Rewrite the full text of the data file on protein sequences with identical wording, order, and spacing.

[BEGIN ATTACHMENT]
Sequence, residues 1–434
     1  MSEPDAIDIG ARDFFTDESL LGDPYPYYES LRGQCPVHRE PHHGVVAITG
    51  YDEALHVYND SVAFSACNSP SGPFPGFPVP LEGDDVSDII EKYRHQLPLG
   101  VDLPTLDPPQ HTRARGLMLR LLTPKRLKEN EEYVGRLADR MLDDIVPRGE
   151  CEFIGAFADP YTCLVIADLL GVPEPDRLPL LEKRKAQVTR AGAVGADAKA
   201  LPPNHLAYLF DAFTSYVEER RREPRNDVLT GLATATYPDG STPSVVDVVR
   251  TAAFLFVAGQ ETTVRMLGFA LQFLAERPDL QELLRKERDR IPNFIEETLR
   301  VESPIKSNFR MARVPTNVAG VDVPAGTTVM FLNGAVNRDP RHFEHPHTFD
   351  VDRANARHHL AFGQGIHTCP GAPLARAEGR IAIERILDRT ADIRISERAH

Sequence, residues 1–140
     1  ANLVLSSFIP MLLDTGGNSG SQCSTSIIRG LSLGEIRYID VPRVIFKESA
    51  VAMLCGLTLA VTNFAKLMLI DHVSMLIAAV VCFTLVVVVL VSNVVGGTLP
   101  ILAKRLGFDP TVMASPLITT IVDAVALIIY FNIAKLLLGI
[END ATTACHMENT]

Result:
Sequence, residues 1–434
     1  MSEPDAIDIG ARDFFTDESL LGDPYPYYES LRGQCPVHRE PHHGVVAITG
    51  YDEALHVYND SVAFSACNSP SGPFPGFPVP LEGDDVSDII EKYRHQLPLG
   101  VDLPTLDPPQ HTRARGLMLR LLTPKRLKEN EEYVGRLADR MLDDIVPRGE
   151  CEFIGAFADP YTCLVIADLL GVPEPDRLPL LEKRKAQVTR AGAVGADAKA
   201  LPPNHLAYLF DAFTSYVEER RREPRNDVLT GLATATYPDG STPSVVDVVR
   251  TAAFLFVAGQ ETTVRMLGFA LQFLAERPDL QELLRKERDR IPNFIEETLR
   301  VESPIKSNFR MARVPTNVAG VDVPAGTTVM FLNGAVNRDP RHFEHPHTFD
   351  VDRANARHHL AFGQGIHTCP GAPLARAEGR IAIERILDRT ADIRISERAH

Sequence, residues 1–140
     1  ANLVLSSFIP MLLDTGGNSG SQCSTSIIRG LSLGEIRYID VPRVIFKESA
    51  VAMLCGLTLA VTNFAKLMLI DHVSMLIAAV VCFTLVVVVL VSNVVGGTLP
   101  ILAKRLGFDP TVMASPLITT IVDAVALIIY FNIAKLLLGI